Wednesday, April 4, 2012

Announcing Struggles and Triumphs Study Guide by Cynthia L. Simmons

 What’s wrong with our world?

Shouldn’t a God who claims to be all powerful and flawless prevent suffering? How can we continue to believe when storms rage on in our lives? If you’ve ever had tough questions like these, the Struggles and Triumphs Study Guide is the book for you.

Author Cynthia L. Simmons will guide you toward answers with her unique and enlightening approach. Her twelve-week Bible study for ladies comes from stories of real women as told in Struggles and Triumphs. As you study, you’ll come to understand God’s perspective on timeless issues that impact your life. The carefully chosen Scriptures combined with interesting historical information will challenge and encourage you.

Cynthia L. Simmons 

Cynthia L. Simmons and her husband, Ray, have five children and reside in Atlanta. She has taught for more than twenty years as a homeschool mother and Bible teacher. Active in Christian Authors Guild (CAG), she conducts writing workshops and has served as president, vice president, and conference director. In December 2009 the membership granted her Life Time Membership for her numerous contributions to writers.  

“Cindy” is fond of history and writes both historical fiction and nonfiction. Her writing appeared in CAG publications, NATHHAN NEWS, Chattanooga Regional Historical Magazine, Georgia Right to Life Newsletter, Chattanooga Times Free Press, Catholic Exchange, and Christian Her first book, Struggles and Triumphs, came out in 2008.

While promoting her book, she was interviewed on radio and TV across the nation and nominated for 2008 Georgia Author of the year. She also conducts monthly podcasts called CAG Spotlight in which she interviews authors and VIPs in the writing industry. At present she is completing a twelve week Bible study using the stories in Struggles and Triumphs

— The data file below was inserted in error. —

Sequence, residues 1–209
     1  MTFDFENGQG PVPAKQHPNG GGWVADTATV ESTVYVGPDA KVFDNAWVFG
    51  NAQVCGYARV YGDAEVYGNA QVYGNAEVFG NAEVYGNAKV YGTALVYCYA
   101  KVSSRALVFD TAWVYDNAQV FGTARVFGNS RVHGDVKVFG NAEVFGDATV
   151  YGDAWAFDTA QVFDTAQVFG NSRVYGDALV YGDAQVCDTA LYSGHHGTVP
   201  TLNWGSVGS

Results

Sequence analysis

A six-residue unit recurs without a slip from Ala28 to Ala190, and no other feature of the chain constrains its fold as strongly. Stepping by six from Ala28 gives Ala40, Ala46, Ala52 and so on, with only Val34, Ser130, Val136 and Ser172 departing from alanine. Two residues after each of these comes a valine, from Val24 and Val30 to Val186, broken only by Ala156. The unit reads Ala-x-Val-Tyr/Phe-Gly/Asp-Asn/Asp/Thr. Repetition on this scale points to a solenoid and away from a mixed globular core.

The Story Behind the Book

My stomach knotted as I gazed at my youngest son, Caleb. I checked on him often, but he hadn’t moved in several hours. He lay on his back turning one toy in rhythm.  Was something wrong? Homeschooling his four older siblings consumed my time, and I thanked God Caleb was sweet and quiet. I never dreamed he was in the autism spectrum. No, he didn’t talk, but he didn’t need to. His adoring brothers and sisters made sure he lacked nothing.

As my husband and I compared notes, a pattern emerged.  Caleb didn’t behave like a four year old, and a professional confirmed developmental delay. He advised me to teach Caleb kindergarten material. Right away I encountered trouble. Caleb couldn’t pay attention—not even a few seconds. I had to hold his face in my hand and almost touch his nose to instruct him. If he made a mistake, which he often did, he threw himself to the floor and screamed. Ear-splitting shrieks! The task appeared insurmountable, so I took classes, researched and studied.

Finally a doctor did extensive testing and gave us a diagnosis. It almost plunged me into depression. His numerous labels took half a page.  Rather than use therapists on a consulting basis, I hired one full time. But that created another problem. The new therapist disliked me because I had the arrogance to educate a child so troubled. She treated me with disdain.  Within a few months, I was sick.  I saw my doctor and his concern alarmed me. I worried I’d have to stop homeschooling.

In desperation, I cried out to God. His response took me by surprise. I became interested in a prominent individual from the past and began historical research. Stories of faithfulness I unearthed delighted me. I gleaned courage and perseverance from believers who lived before me. My outlook changed, and my health returned. Despite the challenges, I continued to teach Caleb alongside professionals, and he improved. God gave me grace through each struggle. Today my son’s a gracious young man who’s ready for vocational training.

God comforted me, and I felt a responsibility to pass it to others. So, in 2004, I joined a Christian Authors Guild. The group offered education, encouragement, and critiques. I achieved success in publishing with newspapers and magazines as well as group publications.

After a little research, I discovered much of the uplifting material I loved hadn’t found its way into print. In Struggles and Triumphs: Women in History Who Overcame, I told anecdotes of prominent women whom I’d grown to care for like Katie Luther and Susannah Spurgeon. The twelve week Bible study guide pulled issues from each story. For instance, Henry VIII of Britain planned to arrest his wife, Kateryn, because she advised him on spiritual matters.  The Bible study sent the student to Scripture to examine Kateryn’s choices and discover the meaning of biblical submission. I hope to encourage women toward a deeper understanding of their faith while also demonstrating God’s ability to use difficult circumstances for our good. 


  1. This sounds like an excellent study! Especially in our tumultuous times! And isn't it awesome how God will use our moments of pain and struggle to create a future ministry?